56RD Design assumption 1Probability of treatment discontinuous at cutoff
57RD Design assumption 2 Continuity in potential outcomes at the cutoff No discontinuity at cutoff in 20+ covariates examinedNot a conclusive test, but reassuringFemaleNon-parametric est: (1.83): .01TR est: .69 / CI for TR:CO est: .7 / CI for CO:AgeNon-parametric est (2.55): .04TR est: / CI for TR:CO est: / CI for CO:
58Implementation threat 1 Overrides to the cutoff (misallocation of treatment)Examined whether participants entered appropriate assigned treatment conditions by looking at assignment scores, the cutoff, and treatment receipt status.No evidence of individual changing treatment status based on what they were assigned.0% cross-over; 0% no-shows
59Implementation assumption 2 No evidence of manipulation of the assignment variable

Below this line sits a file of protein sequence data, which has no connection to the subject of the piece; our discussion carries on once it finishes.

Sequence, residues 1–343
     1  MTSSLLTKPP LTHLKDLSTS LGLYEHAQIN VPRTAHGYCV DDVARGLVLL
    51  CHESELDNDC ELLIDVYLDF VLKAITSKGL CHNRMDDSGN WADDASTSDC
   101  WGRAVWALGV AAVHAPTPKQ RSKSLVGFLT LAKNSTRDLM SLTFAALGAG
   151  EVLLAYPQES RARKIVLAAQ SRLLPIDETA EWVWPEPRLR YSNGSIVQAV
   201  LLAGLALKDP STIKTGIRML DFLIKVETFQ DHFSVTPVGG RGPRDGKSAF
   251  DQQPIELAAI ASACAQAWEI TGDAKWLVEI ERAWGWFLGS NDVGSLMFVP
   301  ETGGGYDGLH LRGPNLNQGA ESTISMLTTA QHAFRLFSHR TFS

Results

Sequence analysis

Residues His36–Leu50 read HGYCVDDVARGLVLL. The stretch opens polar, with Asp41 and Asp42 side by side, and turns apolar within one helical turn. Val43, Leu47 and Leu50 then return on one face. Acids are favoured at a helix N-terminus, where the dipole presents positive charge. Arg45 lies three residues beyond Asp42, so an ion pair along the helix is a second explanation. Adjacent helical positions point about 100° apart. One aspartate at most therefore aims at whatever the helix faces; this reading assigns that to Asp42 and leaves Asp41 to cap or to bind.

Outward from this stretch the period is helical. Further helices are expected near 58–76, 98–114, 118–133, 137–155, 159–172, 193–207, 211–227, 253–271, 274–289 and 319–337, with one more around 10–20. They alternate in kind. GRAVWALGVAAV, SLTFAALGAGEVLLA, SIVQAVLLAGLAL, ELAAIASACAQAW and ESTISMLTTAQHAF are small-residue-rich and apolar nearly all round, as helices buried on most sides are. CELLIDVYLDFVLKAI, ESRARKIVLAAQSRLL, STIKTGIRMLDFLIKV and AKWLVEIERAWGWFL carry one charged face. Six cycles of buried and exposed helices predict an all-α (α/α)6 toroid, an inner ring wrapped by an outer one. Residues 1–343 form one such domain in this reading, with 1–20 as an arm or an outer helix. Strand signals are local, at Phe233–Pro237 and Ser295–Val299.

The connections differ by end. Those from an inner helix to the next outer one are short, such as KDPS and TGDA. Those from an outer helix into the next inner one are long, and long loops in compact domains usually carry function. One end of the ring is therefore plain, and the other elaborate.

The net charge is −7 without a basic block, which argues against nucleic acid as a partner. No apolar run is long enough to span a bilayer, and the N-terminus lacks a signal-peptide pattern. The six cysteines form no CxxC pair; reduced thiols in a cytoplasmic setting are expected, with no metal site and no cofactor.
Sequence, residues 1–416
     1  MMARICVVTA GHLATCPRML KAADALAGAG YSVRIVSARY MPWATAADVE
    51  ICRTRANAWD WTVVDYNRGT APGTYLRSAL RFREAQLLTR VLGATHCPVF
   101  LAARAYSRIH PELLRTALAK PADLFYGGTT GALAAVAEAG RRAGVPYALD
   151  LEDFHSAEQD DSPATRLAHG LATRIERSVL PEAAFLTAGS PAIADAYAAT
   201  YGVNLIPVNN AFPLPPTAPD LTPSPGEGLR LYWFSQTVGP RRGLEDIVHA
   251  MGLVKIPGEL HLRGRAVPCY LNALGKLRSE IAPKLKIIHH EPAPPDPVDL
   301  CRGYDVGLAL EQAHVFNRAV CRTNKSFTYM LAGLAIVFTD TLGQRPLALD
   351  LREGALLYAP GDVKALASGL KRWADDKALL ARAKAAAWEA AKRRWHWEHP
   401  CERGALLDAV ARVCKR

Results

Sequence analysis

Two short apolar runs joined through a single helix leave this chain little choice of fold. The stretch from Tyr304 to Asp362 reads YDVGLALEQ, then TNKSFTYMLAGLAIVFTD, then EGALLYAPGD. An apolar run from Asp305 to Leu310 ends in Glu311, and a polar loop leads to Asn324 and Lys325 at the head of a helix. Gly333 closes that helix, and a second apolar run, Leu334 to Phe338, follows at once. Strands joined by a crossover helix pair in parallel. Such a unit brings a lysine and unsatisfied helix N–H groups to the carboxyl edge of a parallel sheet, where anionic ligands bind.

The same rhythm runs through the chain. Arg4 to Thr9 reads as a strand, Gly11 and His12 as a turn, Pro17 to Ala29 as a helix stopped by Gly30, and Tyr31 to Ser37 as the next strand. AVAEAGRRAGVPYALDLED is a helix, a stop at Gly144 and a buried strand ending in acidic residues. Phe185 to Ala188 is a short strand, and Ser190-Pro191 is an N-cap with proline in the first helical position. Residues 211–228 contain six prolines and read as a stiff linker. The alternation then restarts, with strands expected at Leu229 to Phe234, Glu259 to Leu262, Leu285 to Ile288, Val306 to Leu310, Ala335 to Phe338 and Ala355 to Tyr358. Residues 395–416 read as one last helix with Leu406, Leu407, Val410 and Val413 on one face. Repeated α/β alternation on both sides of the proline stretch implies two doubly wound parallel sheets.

60Analytic assumption 1Correct specification of functional form for parametric analysesLinear function
61Analytic assumption 1 continued Correct specification of functional form for parametric analysesCubic function
62What to do? Conduct graphical analyses Examine residuals Check to see whether treatment effects are robust to alternative specifications of functional formCheck to see whether treatment effects are robust to alternative pseudo-cutoffsEstimate treatment effects using non-parametric and semi-parametric approaches
63Shadish et al. (under review) VocabularyRDDmean (s.e.)(1) Linear regression5.05 (0.57)***(2) Quadratic regression*5.91 (0.77)***(3) Cubic regression6.04 (1.07)***(4) Generalized additive Model (GAM)5.76 (0.72)***(5) Local linear regression6.28 (1.12)****The quadratic function was selected as the optimal RDD model